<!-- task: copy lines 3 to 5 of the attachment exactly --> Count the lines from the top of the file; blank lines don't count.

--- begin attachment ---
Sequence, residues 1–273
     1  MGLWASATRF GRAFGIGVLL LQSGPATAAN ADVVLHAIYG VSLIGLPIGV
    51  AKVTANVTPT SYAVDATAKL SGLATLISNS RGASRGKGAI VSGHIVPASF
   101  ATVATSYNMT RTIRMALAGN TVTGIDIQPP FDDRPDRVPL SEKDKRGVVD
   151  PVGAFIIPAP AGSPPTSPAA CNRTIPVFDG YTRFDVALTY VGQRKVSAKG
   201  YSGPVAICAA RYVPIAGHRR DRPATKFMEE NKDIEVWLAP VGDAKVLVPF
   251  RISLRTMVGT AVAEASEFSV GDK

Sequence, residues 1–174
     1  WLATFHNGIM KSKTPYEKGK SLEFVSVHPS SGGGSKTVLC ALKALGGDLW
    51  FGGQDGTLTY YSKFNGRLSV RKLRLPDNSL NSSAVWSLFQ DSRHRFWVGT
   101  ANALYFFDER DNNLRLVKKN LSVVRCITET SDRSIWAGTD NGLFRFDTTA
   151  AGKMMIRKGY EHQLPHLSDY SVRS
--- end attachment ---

    51  AKVTANVTPT SYAVDATAKL SGLATLISNS RGASRGKGAI VSGHIVPASF
   101  ATVATSYNMT RTIRMALAGN TVTGIDIQPP FDDRPDRVPL SEKDKRGVVD
   151  PVGAFIIPAP AGSPPTSPAA CNRTIPVFDG YTRFDVALTY VGQRKVSAKG